Long before I wrote stories, I listened for stories. Listening for them is something more acute than listening to them. I suppose it’s an early form of participation in what goes on. Listening children know stories are there. When their elders sit and begin, children are just waiting and hoping for one to come out, like a mouse from its hole.
I have spent a good many years since—too many, I think—being ashamed about what I write. I think I was forty before I realized that almost every writer of fiction or poetry who has ever published a line has been accused by someone of wasting his or her God-given talent. If you write (or paint or dance or sculpt or sing, I suppose), someone will try to make you feel lousy about it, that’s all.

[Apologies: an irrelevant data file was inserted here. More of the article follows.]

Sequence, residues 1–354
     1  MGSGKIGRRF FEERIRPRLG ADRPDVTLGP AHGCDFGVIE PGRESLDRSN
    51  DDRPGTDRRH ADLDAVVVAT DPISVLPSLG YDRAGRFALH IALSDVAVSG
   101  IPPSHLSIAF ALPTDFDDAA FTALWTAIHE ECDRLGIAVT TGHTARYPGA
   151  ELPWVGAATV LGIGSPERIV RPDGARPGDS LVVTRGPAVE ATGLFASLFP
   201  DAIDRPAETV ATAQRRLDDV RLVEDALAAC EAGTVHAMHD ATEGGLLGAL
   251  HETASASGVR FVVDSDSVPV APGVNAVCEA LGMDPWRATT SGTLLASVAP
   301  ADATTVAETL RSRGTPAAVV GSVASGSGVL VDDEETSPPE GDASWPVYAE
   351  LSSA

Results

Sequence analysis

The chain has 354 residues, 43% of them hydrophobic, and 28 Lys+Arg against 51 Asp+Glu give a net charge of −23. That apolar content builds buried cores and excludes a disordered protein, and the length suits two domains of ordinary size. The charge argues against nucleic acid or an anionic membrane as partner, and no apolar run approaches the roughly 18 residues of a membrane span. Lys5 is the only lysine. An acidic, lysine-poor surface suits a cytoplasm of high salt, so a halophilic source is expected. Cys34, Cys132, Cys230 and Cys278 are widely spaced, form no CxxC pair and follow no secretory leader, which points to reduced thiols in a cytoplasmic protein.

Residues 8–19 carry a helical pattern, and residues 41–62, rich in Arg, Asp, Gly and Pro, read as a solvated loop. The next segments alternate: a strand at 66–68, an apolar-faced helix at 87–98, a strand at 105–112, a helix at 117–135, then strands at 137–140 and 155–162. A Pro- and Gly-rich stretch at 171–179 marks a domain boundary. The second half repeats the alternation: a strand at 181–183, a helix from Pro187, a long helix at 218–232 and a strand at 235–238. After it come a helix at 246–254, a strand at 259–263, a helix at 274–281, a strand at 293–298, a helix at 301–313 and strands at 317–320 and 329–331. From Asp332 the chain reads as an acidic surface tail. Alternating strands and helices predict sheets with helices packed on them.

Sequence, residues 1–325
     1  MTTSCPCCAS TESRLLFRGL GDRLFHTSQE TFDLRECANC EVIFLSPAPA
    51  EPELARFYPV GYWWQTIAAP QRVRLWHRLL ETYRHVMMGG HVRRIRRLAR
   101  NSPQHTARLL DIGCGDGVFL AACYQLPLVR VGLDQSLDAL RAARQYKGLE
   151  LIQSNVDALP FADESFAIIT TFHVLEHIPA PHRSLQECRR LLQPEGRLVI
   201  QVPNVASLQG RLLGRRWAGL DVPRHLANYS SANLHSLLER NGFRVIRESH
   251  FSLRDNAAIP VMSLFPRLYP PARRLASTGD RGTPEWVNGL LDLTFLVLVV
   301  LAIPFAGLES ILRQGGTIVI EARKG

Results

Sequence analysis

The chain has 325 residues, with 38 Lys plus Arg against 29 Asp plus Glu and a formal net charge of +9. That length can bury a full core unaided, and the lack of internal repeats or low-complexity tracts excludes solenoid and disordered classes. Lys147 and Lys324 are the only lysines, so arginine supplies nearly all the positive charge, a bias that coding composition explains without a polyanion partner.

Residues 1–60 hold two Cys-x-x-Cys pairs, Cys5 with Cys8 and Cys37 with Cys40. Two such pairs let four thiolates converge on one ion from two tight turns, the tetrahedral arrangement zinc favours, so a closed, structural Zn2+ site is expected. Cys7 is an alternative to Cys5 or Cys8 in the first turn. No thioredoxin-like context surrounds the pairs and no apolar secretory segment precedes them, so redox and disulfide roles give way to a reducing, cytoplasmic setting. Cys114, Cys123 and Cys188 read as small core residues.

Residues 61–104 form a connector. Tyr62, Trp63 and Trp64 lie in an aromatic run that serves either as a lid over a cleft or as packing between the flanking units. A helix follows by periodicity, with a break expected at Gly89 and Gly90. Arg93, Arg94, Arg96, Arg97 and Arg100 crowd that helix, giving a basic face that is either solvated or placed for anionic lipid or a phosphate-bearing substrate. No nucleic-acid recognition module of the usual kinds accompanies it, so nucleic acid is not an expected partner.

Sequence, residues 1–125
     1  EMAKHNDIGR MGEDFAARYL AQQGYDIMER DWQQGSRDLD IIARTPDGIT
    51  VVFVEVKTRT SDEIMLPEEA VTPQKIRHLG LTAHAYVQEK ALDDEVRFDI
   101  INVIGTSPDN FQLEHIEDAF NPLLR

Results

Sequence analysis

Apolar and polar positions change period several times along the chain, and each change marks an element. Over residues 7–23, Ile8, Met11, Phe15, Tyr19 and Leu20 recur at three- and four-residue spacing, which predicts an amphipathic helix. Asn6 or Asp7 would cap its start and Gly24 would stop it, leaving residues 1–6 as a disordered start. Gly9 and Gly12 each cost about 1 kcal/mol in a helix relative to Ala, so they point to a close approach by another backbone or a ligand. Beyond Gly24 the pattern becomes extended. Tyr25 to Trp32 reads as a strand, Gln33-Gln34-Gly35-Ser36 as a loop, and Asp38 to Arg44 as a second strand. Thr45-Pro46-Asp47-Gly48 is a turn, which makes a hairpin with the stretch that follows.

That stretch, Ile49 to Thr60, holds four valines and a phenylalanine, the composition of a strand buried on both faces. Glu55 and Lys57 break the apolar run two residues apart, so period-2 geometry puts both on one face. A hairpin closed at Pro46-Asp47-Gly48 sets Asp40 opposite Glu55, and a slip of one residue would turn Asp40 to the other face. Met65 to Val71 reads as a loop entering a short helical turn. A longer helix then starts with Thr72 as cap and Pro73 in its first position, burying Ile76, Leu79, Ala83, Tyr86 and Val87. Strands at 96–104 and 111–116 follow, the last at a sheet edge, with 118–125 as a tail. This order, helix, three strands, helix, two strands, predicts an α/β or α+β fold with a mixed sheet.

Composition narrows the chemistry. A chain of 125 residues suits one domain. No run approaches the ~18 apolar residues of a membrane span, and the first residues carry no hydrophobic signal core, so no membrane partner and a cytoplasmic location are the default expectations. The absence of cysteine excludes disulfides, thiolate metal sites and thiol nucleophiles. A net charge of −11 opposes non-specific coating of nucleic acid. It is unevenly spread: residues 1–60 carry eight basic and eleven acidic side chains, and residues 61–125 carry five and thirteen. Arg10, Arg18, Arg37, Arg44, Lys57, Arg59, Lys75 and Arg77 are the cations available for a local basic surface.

Every story has already been written. There’s nothing new under the sun. However, what a particular writer brings to the table that no others do is their own voice. Find that voice, use it, and you’ll have something original.
I don’t think writers are sacred, but words are. They deserve respect. If you get the right ones in the right order, you might nudge the world a little or make a poem that children will speak for you when you are dead.
When I am writing, I am trying to find out who I am, who we are, what we’re capable of, how we feel, how we lose and stand up, and go on from darkness into darkness. I’m trying for that. But I’m also trying for the language. I’m trying to see how it can really sound. I really love language. I love it for wate it does for us, how it allows us to explain the pain and the glory, the nuances and delicacies of our existence. And then it allows us to laugh, allows us to show wit. Real wit is shown in language. We need language.
A well-chosen book saves you from everything, including yourself.